Queer pop: Five stars leading the revolution

The rise of queer pop looks set to continue in 2019, with stars like Christine and the Queens, LP and King Princess leading the way.

Queer pop is by no means new – after all David Bowie and the New Romantics got there first, decades ago. But last year the genre seemed to establish itself in the mainstream in a way it has never done before. Many of 2018’s most interesting – and relevant – pop albums explored gender fluidity, identity and sexual freedom. (The trend was seen in television too, where actors such as Asia Kate Dillon pushed boundaries). Here are five singers who are changing the game.

Christine and the Queens

This innovative French artist has made two stonkingly good albums. The first, Chaleur Humaine in 2016, drew on her struggles as a queer woman dealing with alienation and loneliness.

The second, last year’s Chris, saw the performer (with newly cropped hair and ripped biceps) toy with notions of masculinity and femininity, self-loathing and desire – all within the confines of deliciously catchy synth pop.

Like Prince, all her songs have a sexual undercurrent (The Guardian called her “a pansexual horndog”). Like Michael Jackson, she can dance, just check out her moves in the video for Girlfriend. It’s no wonder Christine and the Queens is up for Best International Female Solo Artist at next month’s Brits.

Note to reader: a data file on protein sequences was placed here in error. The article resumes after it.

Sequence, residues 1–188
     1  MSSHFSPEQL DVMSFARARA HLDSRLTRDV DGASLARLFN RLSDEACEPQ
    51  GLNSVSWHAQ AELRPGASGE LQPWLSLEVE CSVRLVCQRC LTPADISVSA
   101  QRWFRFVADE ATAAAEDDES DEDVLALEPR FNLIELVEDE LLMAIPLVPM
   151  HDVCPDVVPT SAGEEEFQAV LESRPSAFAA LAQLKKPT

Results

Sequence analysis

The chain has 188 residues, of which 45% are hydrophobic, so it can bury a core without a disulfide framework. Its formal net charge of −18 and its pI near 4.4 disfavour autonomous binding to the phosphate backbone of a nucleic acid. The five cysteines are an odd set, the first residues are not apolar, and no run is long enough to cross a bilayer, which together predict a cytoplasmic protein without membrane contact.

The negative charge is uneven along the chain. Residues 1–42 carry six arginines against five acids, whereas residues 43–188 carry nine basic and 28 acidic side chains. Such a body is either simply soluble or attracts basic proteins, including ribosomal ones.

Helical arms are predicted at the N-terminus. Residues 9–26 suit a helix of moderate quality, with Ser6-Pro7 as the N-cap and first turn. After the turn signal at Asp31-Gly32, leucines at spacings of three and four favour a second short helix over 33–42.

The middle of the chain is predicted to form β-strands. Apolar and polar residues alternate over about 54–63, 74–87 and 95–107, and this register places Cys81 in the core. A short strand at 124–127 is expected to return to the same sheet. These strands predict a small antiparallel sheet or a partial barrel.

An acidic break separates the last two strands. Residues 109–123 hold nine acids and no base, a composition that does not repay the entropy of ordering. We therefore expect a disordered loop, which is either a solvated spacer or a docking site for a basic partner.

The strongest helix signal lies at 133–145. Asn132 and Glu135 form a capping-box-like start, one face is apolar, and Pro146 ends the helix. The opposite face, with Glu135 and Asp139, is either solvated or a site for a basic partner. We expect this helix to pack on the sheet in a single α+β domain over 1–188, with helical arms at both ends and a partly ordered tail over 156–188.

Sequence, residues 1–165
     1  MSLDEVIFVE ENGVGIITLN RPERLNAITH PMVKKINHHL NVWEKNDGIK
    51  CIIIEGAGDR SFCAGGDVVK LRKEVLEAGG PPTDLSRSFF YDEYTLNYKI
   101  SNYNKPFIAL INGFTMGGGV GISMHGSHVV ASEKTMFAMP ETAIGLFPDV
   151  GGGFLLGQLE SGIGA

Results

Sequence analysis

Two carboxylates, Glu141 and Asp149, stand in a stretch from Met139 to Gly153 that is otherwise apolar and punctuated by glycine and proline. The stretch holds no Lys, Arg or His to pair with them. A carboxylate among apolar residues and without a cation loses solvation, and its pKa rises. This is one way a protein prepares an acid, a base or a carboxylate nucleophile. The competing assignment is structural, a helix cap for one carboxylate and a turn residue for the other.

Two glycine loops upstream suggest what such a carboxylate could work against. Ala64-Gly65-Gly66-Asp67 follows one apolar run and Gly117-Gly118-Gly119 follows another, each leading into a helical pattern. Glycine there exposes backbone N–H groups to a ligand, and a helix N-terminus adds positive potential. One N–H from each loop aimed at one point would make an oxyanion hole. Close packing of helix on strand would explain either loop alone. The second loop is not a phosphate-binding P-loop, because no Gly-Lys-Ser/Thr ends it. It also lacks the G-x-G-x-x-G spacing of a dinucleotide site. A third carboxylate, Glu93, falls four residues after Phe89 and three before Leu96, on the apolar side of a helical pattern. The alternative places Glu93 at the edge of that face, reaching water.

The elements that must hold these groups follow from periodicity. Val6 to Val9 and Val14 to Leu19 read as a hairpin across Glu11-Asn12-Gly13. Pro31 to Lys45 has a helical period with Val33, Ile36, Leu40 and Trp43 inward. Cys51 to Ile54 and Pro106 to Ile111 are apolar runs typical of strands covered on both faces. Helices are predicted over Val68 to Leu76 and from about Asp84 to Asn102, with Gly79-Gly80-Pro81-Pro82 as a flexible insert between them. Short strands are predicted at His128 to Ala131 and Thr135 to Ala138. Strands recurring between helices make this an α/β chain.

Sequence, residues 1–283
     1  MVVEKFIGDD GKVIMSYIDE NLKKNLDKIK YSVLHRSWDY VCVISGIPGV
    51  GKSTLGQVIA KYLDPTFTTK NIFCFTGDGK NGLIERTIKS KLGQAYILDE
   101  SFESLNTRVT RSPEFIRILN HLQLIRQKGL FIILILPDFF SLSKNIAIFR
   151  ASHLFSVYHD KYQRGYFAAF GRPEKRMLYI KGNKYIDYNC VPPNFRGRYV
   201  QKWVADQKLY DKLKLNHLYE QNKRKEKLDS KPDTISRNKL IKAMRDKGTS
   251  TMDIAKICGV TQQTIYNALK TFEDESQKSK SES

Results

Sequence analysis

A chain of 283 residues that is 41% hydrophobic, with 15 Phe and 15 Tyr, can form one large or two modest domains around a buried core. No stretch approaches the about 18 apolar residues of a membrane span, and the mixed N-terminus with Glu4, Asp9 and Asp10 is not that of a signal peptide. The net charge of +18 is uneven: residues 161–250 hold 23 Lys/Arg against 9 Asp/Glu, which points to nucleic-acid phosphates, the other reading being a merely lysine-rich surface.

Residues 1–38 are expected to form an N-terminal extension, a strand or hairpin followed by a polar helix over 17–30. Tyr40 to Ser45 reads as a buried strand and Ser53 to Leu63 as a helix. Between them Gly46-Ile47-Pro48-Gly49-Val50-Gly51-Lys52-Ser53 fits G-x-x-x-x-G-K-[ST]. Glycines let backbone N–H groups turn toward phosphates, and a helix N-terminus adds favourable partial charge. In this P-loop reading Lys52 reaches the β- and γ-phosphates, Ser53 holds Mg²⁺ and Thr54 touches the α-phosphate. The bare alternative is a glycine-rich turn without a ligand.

King Princess

King Princess, aka Michaela Straus, is a super cool New Yorker who recently came second in the BBC Sound of 2019 contest.

A musical prodigy who turned down a record deal with Virgin Records when she was 11, King Princess has since grown up and signed to Mark Ronson’s label. KP broke through last year with 1950. She played every instrument on the track, a well-crafted anthem to unrequited lesbian love.

Adam Lambert

The former American Idol contestant (he was runner up in 2009 and came out in Rolling Stone shortly after) spent much of 2018 on the road with Queen filling some of the biggest shoes in the business – those of the late, great Freddie Mercury. With his massive range, and flamboyant on-stage persona, Lambert succeeded in doing Mercury’s memory justice, without imitating him. He’s rumoured to be releasing a new album this year. Check out his recent rendition of Believe at a tribute concert for Cher in December.